Stem cell therapy repairs damage from dementia in mouse brains
Researchers have developed a stem cell therapy that could treat the damage caused by dementia by launching a repair response.
A one-time injection of an experimental stem cell therapy was shown to repair brain damage and improve memory function in mice with conditions that replicate human strokes and dementia, researchers have revealed. The study was conducted at the University of California, Los Angeles (UCLA), US.
According to the researchers, dementia can arise from multiple conditions and it is characterised by problems with memory, attention, communication and physical co-ordination. The two most common causes of dementia are Alzheimer’s disease and white matter strokes – small strokes that accumulate in the connecting areas of the brain.
“It is a vicious cycle; the two leading causes of dementia are almost always seen together and each one accelerates the other,” said Dr S Thomas Carmichael, senior author of the study.
In the new study, the team identified a cell therapy that can stop the progressive damage caused by the disease and stimulate the brain’s own repair processes.
The cells used in the therapy are a specialised type of glial cells, which are cells that surround and support neurons in the central nervous system (CNS). The team evaluated the effects of their glial cell therapy by injecting it into the brains of mice with brain damage similar to that seen in humans in the early to middle stages of dementia.
“Upon injection, our cell therapy travelled to damaged areas of the brain and secreted chemicals called growth factors that stimulated the brain’s stem cells to launch a repair response,” said Dr Irene Llorente, the paper’s first author.
Activating that repair process not only limited the progression of damage, but also enhanced the formation of new neural connections and increased the production of myelin – a fatty substance that covers and protects the connections.
The researchers found that even if they eliminated the injected cells a few months after they had been transplanted, the mice’s recovery was unaffected. That is because the therapy primarily serves as a wake-up call to stimulate the brain’s own repair processes.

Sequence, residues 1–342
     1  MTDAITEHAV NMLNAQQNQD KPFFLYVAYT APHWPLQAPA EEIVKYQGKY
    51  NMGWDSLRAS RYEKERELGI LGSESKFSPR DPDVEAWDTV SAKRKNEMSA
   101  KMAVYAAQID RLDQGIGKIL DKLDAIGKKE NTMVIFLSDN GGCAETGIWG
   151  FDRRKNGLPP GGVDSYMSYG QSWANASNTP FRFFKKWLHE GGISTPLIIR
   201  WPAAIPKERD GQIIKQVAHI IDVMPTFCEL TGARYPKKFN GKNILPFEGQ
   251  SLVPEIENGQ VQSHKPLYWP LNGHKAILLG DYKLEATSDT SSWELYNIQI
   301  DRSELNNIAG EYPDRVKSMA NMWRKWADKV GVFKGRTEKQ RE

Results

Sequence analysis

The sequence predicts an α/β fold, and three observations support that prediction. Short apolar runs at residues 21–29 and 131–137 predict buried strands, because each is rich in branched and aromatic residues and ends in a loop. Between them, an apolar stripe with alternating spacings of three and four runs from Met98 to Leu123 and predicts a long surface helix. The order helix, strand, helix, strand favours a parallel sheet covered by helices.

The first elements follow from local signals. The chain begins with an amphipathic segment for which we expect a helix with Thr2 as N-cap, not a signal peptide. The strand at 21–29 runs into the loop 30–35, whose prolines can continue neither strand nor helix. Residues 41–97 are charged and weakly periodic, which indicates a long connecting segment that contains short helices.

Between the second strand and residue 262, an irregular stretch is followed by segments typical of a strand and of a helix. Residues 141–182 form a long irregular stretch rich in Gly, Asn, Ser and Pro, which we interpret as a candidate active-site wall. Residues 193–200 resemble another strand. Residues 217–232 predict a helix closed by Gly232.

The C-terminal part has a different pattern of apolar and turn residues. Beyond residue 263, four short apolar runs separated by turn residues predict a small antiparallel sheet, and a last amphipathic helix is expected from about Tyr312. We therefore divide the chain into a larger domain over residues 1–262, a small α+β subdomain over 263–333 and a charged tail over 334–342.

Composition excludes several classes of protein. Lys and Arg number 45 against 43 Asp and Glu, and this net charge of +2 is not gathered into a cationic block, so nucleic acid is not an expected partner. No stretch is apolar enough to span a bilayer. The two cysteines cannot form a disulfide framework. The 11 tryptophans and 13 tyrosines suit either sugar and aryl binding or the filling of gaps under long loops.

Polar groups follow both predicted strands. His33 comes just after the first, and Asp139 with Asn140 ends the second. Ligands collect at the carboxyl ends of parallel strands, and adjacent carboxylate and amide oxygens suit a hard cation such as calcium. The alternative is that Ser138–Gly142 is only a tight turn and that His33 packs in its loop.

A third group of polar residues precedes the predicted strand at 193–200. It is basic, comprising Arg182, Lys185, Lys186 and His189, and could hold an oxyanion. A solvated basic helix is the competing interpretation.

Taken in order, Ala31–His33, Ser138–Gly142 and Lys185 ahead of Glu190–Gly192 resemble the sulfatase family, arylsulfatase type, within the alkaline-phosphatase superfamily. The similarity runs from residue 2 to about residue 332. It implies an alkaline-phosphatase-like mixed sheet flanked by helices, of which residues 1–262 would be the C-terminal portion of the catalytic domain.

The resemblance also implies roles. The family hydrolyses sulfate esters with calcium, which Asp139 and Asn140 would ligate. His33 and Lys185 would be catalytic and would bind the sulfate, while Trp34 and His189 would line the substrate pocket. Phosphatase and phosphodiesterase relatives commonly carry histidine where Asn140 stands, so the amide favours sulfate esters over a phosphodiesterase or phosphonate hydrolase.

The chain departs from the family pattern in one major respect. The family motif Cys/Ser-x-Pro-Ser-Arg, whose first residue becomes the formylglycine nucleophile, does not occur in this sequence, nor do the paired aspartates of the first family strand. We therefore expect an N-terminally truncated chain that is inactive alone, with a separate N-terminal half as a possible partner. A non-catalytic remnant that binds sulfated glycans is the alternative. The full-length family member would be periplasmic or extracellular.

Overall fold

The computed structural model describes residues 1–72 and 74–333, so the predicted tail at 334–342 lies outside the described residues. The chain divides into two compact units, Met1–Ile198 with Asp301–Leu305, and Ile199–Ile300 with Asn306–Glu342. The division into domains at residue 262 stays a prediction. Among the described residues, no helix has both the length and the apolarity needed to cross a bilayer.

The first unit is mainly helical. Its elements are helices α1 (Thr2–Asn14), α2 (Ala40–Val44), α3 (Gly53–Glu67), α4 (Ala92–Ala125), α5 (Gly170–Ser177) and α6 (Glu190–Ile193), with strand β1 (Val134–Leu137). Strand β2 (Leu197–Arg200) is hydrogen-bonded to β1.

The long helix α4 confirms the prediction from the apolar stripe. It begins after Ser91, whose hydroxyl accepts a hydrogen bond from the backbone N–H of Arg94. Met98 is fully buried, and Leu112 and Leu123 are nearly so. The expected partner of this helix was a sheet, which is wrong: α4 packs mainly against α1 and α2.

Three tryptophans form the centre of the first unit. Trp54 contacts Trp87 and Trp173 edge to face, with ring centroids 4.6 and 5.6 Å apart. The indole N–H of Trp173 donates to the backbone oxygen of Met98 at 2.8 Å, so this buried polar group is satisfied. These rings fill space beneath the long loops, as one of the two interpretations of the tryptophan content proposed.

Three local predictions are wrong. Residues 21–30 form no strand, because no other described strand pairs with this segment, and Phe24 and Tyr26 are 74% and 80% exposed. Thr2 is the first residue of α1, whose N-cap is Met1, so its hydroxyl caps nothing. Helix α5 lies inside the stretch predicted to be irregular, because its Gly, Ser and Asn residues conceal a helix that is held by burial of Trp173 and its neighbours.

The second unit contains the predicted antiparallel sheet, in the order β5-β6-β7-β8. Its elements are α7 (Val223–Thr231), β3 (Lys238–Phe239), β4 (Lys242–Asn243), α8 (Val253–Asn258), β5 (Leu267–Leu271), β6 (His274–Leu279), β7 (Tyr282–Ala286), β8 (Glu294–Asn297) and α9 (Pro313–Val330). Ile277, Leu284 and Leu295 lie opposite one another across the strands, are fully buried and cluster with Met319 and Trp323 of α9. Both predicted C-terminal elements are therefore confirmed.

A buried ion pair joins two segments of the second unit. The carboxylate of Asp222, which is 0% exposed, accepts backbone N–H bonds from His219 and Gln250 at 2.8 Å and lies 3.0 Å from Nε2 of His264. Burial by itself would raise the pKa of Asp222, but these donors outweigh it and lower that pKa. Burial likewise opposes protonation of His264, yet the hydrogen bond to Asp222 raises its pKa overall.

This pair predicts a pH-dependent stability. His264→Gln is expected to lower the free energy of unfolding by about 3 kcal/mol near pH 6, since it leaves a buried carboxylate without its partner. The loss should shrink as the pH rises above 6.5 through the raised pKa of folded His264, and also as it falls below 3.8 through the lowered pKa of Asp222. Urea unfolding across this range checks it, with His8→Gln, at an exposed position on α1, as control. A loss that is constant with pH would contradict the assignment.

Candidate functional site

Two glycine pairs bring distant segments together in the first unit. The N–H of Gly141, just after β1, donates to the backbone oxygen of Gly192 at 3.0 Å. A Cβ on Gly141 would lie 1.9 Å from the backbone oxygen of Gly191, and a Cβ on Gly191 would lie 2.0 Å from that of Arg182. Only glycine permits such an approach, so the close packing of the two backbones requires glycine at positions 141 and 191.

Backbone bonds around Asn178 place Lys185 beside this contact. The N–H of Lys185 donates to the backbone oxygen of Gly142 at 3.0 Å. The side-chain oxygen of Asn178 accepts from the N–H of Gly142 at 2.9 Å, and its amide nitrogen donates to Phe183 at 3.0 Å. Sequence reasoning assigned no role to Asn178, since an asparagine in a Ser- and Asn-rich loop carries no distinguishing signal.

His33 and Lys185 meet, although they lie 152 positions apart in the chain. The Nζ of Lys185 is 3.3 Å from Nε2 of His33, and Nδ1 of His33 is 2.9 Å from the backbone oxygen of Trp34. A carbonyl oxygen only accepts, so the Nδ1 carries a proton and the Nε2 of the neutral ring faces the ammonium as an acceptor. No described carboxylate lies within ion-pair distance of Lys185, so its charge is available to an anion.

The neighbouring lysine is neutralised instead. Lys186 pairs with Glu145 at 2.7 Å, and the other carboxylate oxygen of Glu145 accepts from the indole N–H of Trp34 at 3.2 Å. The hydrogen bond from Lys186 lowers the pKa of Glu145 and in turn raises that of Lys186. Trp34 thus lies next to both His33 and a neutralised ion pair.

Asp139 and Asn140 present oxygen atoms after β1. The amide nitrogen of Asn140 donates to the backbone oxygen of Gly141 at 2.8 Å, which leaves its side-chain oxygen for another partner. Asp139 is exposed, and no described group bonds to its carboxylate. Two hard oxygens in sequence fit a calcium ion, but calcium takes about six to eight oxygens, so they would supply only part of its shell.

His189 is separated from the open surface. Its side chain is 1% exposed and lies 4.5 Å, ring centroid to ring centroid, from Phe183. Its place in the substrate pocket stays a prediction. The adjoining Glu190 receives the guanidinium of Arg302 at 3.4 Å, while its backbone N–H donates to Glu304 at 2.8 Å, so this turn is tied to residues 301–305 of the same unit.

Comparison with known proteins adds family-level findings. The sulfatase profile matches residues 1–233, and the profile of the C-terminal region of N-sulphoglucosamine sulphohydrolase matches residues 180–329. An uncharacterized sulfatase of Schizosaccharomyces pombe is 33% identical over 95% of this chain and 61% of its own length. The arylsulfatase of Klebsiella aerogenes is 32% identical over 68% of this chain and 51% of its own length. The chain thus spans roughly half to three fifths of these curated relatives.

“Understanding the role that glia play in repairing white matter damage is a critically important area of research that needs to be explored,” said Francesca Bosetti, a programme director at the US National Institutes of Health’s (NIH) National Institute of Neurological Disorders and Stroke, which supported the study. “These preliminary results suggest that glial cell-based therapies may one day help combat the white matter damage that many stroke and vascular dementia patients suffer every year.”
The team used a method for quickly producing large numbers of glial cells by treating human induced pluripotent stem cells (iPSCs) with a drug called deferoxamine. iPSCs are derived from skin or blood cells that have been reprogrammed back to an embryonic stem cell-like state from which scientists can create an unlimited supply of any cell type.
In the future, if the therapy is shown to be safe and effective through clinical trials in humans, the researchers envision it becoming an “off-the-shelf” product, meaning that the cells would be mass manufactured, frozen and shipped to hospitals, where they could be used as a one-time therapy for people with early signs of white matter stroke.
“The damage from white matter strokes is progressive, so you do not have months to spend producing a treatment for each patient,” said Carmichael. “If you can have a treatment that is already in the freezer ready to go during the window of time when it could be most effective, that is a much better option.”
The team is now conducting the additional studies necessary to apply to the US Food and Drug Administration (FDA) for permission to test the therapy in a clinical trial in humans.
The results are published in Science Translational Medicine.